The fight against plastics in our suffering oceans is a long and frustrating one. One that has been taken up by a British charity called Sea Sense, for which Magma Aviation recently arranged the pro bono transport of a ton of plastic-free, biodegradable flip flops from Fuzhou, China, to the UK. How do flip flops help reduce plastic in our oceans, and how did Magma Aviation get involved? CargoForwarder Global (CFG) asked Conor Brannigan (CB), Magma Aviation CEO, about the initiative and the cargo airline’s take on sustainability.
22,000 kg of ocean-bound plastic which translates into the weight of more than 2.2 million plastic bottles – that is the impressive total that the UK-based non-profit organization, Sea Sense, has so far collected from beaches in Sierra, Kenya, and Indonesia. Those collecting the plastic waste are funded by Sea Sense, from money generated through the production and sale of plastic-free, biodegradable flip flops.
Logistics is a cost factor
With the flip flops being produced in China, yet being sold to customers in the UK, it is clear that they require transporting: a cost factor that eat into funds that could be more usefully distributed among the plastic-collecting communities. Magma Aviation’s offer to ship the flip flops for free was very welcome, as Sea Sense Founder, Luke McMillan, explained: “We are grateful for Magma Aviation’s efficiency and their eagerness to assist our cause. By donating their time and resources we were able to transport our flip flops across the world quickly, and as a result we have been able to free up funds to employ more plastic collectors in Sierra Leone, providing them with a truly vital income.”
Quick and free
Magma Aviation Operations Manager, James Le Poer Trench, described the charter operation:
“We had two priorities with this charter: 1) to ensure the transport was as quick and easy as possible, reducing Sea Sense’s lead time. 2) that Magma Aviation would pay for the transport, end-to-end. Profits from each pair of flip flops enable 500 ocean-bound plastic bottles to be removed from some of the world’s most polluted waterways and coastlines, so we are delighted to have transported over one ton of flip flops to their point of sale to fund this amazing endeavor. Plastic flip flops are the world’s most popular shoe, with 3 billion pairs sold globally every year. Awareness of ocean plastics is high, but the methods of helping the cause are relatively unknown. We are providing people with the chance to make a difference; a simple way to convert concern into action.”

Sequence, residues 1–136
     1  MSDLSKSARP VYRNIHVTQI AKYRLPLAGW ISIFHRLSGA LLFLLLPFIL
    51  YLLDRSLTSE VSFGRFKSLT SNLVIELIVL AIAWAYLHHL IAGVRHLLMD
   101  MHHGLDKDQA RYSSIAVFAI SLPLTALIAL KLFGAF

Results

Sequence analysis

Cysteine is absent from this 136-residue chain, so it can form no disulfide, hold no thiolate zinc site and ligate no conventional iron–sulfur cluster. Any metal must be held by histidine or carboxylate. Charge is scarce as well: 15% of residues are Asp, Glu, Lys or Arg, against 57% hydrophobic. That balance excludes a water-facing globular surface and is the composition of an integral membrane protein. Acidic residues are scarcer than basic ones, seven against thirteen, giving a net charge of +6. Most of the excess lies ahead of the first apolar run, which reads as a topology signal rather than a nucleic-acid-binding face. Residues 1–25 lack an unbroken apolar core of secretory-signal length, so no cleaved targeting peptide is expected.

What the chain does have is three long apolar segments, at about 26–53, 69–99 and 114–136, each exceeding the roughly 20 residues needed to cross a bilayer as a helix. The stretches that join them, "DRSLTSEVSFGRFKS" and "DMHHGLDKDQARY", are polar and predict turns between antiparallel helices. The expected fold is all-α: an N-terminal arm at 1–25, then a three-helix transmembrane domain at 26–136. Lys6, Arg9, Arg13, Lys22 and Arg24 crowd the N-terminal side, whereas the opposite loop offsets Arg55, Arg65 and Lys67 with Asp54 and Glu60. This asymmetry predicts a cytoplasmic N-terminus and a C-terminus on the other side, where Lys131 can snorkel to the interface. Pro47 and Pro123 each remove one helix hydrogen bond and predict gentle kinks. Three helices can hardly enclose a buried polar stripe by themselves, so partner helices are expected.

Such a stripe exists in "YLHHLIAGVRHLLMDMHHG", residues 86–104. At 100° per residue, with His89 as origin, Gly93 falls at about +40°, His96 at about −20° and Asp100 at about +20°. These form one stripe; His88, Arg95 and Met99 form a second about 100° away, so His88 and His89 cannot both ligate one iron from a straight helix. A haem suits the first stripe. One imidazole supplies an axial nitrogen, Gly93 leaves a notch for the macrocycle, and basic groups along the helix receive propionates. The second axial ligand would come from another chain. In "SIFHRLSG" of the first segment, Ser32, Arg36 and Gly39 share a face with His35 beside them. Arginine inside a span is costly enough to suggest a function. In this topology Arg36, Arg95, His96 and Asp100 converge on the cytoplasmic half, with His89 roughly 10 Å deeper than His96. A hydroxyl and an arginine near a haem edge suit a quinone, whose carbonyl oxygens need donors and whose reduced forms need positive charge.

Interview with Conor Brannigan (CB), Magma Aviation CEO
CFG: Is this Magma Aviation’s first cooperation with Sea Sense? Will there be more to come?
CB: This our second cooperation with Sea Sense. We moved a similar size shipment in MAY22. At the moment, we are projecting four shipments per annum, based on Sea Sense’s needs at this time. We are fully behind Sea Sense and the incredible work they do, and will support them as much as possible. It really is a team effort to ensure a smooth and efficient process for Sea Sense, and I would like to thank everyone involved to make these first two movements a huge success.
CFG: How did the Sea Sense project come about?
CB: Magma Aviation’s Head of Operations, James le Poer Trench, and the Founder of Sea Sense, Luke McMillan, met at university and became good friends. With James working in air cargo and Luke moving products by air, it inevitably led to a conversation. When James introduced Luke to me, and we had a discussion about what they do and what their needs were, I had no hesitation to offer support.
CFG: What is Magma Aviation's approach to Sustainability? Goals for 2023?